2. application of administrative controls (restricting access and the time in proximity to sources of radiation, use of personal protective equipment (PPE), etc.)
3. quantify, where possible, the impact of the radiation protection options in terms of cost, dose, time, etc. (for some factors, a qualitative assessment may be necessary)
4. compare the options
5. select and implement an optimized solution
6. monitor performance of the implemented solution and re-assess when warranted

Increases in dose levels are not normally expected if the circumstances of the exposure situation do not change. Changes may impact worker dose levels and are considered opportunities to revisit the ALARA option(s) being implemented for a given practice. Justification is required for any proposal that may result in a predicted increase in worker doses.

#### 4.1.4 Taking into account social and economic factors

The ALARA principle takes into account social and economic factors, and licensees have the overall responsibility of assessing and documenting the justification and rationale for how they will take these factors into account in the application of the ALARA principle in order to substantiate their decisions.

Social factors that could be considered include equity, sustainability, individual benefit, social benefit and social trust. In all instances, the views of the public may also be relevant.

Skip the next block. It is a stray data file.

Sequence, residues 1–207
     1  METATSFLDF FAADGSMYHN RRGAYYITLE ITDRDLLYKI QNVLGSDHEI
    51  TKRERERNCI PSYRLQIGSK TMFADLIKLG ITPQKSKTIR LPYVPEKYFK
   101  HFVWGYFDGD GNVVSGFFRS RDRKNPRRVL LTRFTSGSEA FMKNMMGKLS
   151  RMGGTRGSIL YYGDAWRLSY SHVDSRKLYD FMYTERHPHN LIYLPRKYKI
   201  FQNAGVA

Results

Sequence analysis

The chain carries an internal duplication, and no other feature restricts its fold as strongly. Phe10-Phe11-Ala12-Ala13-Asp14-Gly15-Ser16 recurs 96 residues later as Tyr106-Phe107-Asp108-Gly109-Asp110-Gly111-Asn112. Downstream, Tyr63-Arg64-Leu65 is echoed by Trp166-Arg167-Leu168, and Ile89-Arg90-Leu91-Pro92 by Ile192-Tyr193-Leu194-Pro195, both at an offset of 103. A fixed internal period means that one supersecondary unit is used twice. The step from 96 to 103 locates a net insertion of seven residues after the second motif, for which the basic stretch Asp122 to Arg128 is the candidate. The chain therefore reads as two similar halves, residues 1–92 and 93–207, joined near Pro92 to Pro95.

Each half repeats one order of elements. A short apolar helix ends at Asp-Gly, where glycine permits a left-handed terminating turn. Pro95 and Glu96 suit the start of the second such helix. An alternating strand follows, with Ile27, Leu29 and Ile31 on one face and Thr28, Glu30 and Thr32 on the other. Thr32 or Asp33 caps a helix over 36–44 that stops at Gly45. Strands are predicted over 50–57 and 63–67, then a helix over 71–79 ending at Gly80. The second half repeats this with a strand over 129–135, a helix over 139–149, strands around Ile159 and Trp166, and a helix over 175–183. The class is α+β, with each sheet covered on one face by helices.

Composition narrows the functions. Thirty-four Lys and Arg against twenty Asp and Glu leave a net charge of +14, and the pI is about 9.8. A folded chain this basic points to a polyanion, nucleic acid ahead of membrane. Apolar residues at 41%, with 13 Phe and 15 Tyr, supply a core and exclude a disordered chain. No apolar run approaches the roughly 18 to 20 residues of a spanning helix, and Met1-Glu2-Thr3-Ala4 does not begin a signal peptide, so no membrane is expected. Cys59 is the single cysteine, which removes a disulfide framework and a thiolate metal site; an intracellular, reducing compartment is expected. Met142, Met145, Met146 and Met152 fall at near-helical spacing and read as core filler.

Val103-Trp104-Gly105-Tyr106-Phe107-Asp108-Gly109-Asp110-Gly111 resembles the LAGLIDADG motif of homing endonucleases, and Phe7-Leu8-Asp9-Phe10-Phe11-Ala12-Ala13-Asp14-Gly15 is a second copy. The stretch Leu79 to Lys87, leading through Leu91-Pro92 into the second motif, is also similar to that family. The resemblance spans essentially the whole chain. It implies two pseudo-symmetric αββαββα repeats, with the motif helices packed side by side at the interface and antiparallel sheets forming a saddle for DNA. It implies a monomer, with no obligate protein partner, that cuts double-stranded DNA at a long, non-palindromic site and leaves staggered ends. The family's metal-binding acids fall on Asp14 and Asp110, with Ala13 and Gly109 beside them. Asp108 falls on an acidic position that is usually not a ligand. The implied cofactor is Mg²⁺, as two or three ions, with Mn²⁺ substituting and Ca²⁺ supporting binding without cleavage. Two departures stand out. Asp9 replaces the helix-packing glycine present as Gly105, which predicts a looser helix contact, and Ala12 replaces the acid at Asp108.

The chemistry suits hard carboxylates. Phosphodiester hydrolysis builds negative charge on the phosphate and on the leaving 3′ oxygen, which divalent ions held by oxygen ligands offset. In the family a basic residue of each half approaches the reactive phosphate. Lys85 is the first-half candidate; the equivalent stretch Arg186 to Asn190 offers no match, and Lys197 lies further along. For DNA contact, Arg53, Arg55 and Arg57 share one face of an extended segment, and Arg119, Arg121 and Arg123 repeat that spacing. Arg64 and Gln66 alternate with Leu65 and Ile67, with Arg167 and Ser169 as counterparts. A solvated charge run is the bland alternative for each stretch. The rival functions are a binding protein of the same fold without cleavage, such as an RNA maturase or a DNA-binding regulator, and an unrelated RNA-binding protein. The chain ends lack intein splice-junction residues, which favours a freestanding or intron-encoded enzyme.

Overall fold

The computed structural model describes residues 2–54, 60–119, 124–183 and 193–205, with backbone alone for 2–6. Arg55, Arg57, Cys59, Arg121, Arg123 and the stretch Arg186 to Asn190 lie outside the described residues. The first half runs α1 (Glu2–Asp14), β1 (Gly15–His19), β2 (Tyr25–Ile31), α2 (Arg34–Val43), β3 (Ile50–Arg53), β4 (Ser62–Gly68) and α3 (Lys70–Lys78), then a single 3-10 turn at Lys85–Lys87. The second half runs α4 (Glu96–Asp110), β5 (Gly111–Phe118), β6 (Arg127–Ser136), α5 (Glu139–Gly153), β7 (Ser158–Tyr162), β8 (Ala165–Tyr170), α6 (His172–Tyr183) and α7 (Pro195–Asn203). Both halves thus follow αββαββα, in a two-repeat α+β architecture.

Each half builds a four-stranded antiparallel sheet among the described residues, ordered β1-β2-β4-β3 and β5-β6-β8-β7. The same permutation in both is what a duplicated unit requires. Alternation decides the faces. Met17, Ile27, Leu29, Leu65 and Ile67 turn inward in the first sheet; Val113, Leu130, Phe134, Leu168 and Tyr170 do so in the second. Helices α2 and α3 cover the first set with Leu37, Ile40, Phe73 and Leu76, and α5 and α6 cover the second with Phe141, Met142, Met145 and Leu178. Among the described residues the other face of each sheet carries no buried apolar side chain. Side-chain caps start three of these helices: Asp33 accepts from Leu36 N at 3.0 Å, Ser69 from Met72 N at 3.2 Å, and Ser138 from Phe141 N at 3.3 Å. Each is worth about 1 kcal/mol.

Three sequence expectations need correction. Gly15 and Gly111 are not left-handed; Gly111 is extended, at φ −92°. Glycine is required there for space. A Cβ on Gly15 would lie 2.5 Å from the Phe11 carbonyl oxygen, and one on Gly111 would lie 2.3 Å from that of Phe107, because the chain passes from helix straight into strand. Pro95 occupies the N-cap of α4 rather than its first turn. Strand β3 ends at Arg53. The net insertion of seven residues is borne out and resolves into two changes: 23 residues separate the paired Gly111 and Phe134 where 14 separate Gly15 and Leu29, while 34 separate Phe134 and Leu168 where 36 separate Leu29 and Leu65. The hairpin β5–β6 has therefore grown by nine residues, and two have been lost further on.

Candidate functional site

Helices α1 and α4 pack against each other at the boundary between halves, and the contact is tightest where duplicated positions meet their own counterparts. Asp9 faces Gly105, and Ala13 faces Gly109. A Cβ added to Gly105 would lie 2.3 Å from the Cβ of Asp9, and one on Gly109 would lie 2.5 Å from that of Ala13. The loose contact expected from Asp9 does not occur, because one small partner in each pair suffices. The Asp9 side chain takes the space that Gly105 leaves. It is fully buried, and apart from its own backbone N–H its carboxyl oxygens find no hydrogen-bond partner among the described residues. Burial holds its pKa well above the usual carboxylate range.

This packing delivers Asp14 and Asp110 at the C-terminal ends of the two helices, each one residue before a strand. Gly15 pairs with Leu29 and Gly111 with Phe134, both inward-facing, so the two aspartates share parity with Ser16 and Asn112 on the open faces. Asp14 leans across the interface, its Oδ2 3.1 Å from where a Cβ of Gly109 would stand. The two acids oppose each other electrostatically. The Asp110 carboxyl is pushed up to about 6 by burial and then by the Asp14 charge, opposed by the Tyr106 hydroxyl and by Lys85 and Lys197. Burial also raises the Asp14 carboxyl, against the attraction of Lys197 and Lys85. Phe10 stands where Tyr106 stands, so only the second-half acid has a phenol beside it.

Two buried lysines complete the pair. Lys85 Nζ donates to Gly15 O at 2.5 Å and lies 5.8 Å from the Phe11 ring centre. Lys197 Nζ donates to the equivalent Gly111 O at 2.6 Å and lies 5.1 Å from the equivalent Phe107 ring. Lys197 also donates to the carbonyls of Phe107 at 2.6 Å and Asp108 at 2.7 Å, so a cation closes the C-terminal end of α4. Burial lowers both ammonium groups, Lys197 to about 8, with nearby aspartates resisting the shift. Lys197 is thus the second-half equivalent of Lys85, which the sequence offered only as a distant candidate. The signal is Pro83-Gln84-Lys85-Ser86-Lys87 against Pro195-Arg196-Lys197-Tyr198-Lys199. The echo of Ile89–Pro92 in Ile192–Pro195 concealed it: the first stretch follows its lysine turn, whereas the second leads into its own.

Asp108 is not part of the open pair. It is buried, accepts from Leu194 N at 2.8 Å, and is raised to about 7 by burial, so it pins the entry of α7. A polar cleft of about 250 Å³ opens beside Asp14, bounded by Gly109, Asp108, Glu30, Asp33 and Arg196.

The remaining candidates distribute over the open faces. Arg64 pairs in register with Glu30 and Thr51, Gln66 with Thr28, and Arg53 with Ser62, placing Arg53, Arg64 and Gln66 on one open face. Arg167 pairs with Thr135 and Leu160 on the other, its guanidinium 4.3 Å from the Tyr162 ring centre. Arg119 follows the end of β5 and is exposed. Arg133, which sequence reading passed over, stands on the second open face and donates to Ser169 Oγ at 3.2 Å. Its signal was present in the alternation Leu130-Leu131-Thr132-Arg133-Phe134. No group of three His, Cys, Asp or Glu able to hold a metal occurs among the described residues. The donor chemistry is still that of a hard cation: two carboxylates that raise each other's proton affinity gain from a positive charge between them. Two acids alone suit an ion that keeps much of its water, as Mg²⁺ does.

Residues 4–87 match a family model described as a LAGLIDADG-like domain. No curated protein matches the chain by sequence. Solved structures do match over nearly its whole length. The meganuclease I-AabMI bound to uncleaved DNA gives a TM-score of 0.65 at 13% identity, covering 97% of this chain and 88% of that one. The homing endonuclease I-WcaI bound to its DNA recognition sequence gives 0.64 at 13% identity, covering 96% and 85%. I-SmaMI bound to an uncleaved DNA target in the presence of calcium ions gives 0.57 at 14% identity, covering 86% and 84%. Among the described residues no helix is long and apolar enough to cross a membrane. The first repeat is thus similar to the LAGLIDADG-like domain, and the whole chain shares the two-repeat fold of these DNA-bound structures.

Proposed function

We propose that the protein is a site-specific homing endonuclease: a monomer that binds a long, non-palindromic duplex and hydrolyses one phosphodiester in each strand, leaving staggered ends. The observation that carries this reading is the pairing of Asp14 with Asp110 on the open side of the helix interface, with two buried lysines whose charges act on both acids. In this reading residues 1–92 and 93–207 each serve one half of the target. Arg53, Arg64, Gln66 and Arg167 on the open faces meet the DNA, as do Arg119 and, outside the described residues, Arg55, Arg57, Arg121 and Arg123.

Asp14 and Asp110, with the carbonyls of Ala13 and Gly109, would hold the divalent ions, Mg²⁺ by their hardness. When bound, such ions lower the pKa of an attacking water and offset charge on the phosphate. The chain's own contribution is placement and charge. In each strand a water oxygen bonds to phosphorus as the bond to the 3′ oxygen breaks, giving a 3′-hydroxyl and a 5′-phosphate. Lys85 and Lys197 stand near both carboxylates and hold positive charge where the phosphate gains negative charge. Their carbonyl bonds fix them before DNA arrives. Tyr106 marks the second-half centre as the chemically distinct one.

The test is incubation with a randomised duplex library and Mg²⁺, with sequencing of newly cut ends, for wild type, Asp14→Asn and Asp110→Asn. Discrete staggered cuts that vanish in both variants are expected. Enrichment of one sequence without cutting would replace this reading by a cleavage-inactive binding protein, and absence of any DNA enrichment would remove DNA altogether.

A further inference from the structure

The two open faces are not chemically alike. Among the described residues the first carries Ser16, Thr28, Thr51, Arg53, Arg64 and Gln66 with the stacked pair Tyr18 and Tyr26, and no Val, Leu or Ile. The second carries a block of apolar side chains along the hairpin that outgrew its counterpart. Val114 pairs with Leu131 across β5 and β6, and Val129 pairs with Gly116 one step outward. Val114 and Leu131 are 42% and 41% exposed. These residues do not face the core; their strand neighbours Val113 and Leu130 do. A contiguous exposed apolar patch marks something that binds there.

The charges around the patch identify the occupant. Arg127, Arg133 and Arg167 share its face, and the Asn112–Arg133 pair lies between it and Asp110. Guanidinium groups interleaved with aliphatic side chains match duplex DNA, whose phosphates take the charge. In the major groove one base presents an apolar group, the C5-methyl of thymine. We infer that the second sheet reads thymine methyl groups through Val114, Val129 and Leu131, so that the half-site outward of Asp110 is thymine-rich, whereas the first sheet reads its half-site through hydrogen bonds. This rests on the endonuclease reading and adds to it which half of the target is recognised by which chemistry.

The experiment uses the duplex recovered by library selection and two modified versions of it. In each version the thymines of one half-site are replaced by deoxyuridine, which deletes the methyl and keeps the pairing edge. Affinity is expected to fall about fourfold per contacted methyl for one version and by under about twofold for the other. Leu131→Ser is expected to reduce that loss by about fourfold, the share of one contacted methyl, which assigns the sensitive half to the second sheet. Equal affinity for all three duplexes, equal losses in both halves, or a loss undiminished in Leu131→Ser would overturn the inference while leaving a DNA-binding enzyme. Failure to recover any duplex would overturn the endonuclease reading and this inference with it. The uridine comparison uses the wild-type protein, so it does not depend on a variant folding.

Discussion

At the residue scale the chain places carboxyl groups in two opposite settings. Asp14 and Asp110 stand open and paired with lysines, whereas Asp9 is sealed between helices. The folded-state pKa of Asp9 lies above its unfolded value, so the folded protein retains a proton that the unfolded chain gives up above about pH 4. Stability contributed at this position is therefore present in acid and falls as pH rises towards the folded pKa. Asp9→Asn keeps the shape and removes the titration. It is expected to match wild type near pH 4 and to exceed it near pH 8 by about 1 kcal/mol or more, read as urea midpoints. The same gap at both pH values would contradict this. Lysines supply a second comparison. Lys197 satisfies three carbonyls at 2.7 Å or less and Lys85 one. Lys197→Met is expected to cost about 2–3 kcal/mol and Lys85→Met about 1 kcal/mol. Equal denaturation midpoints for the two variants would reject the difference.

Economic factors could include, for example, the financial impact of protection measures as balanced against the benefit obtained. Some decisions on whether the efforts to reduce doses are economically justifiable may be made using cost-benefit analysis or other quantitative techniques. However, it may be inappropriate to solely consider quantitative arguments in judging reasonableness. A discussion of the monetary value of the unit collective dose can be found in IAEA Safety Reports Series No. 21, Optimization of Radiation Protection in the Control of Occupational Exposure [11], which provides guidance when such decisions must be made. Additional guidance is found in ICRP Publication 55: Optimization and Decision-Making in Radiological Protection [12].

#### 4.1.5 Oversight of the application of ALARA

The ALARA principle incorporates the notion that the level of effort that should be applied to optimize doses depends on the magnitude of projected or historical doses. The regular review of dose records and other appropriate indicators, such as the frequency of contamination incidents, form a critical part of the oversight of the application of ALARA. These reviews identify trends that enable licensees to evaluate the effectiveness of dose reduction efforts.